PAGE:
With a mind that makes some odd, random connections between situations, I had a similar thought after my son's soccer game last weekend.  You see, first, a few weeks back, there was one player sporting a pair of those, admittedly cool, Nike Mercurial cleats.  Then, last week, I saw a couple more...or more importantly MY SON saw a couple more.  You see my son is a bit like my lawn - my lawn accepts dandelion seeds from others, my son begs for cool cleats he sees on others.

If you are a parent of a kid who plays sports, you know that there are two sides to the story.  You want them to engage, to have passion for the sport, to watch their heroes on TV and emulate them on the pitch.  But the other side of it is they want to look like their heroes, and that costs a lot of dough.

I'm currently facing a constant barrage of requests from my little, 11-year old Ronaldo-idolizer for a pair of Nike Mercurials.  I decided, OK, can't stop the spread of Dandelions, but at least maybe I can manage the siege.  I came up with a plan:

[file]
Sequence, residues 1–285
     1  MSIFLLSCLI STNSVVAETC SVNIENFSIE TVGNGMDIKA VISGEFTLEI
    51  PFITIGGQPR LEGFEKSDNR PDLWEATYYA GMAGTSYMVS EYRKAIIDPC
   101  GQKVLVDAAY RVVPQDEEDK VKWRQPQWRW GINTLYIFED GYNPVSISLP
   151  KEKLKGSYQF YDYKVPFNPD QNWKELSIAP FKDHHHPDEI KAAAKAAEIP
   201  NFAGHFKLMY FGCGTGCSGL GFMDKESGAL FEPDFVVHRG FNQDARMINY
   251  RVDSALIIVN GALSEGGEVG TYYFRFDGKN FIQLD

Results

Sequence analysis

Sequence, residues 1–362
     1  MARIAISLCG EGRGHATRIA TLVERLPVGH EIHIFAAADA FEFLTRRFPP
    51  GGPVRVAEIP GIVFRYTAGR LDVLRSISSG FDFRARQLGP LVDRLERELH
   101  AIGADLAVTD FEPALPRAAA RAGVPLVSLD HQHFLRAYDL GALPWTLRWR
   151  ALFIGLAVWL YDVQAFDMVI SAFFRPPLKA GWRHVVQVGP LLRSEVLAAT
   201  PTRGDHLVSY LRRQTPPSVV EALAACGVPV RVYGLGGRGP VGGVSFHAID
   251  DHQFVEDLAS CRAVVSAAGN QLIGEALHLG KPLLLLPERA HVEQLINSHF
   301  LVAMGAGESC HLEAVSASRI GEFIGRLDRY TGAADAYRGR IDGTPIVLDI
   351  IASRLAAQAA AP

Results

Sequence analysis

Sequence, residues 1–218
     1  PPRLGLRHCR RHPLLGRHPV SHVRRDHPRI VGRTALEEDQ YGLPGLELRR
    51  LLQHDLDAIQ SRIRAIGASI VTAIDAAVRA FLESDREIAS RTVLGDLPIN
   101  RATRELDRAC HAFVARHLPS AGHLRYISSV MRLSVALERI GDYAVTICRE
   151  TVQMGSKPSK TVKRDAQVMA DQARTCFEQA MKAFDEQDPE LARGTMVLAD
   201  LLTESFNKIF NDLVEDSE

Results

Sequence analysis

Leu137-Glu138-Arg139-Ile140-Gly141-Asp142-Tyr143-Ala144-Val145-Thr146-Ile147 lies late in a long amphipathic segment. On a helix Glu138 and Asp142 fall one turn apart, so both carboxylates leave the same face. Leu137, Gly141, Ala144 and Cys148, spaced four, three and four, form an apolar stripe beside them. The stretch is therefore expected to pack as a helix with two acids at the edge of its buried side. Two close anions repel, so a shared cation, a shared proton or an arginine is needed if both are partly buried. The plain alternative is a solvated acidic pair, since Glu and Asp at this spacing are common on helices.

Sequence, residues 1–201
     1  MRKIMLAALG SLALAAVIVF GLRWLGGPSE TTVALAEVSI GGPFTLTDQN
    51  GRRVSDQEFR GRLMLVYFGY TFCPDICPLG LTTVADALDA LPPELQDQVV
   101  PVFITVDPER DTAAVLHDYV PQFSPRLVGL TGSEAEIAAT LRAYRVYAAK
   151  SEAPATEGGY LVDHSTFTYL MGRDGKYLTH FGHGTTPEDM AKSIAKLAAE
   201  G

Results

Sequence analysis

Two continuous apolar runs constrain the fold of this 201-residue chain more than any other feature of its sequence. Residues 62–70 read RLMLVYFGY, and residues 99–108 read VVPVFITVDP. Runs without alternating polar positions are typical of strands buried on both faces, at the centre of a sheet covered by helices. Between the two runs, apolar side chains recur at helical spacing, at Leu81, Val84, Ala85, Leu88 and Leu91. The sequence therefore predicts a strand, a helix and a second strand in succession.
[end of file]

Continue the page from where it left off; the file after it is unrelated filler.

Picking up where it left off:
I recently read a book by Claudio Reyna (it's available on my Amazon link on the right side of my blog) and he talked about how his dad had insisted from an early age that he be responsible for every piece of his equipment and kit if he wanted to play soccer.  He had to clean his cleats, shin guards and ball, make sure his practice and game uniform was clean and ready to go.  I liked that, and realized we had for too long looked over our son and taken care of a lot of these things for him to the point where he didn't have his shin guards in his bag when we showed up for one recent game.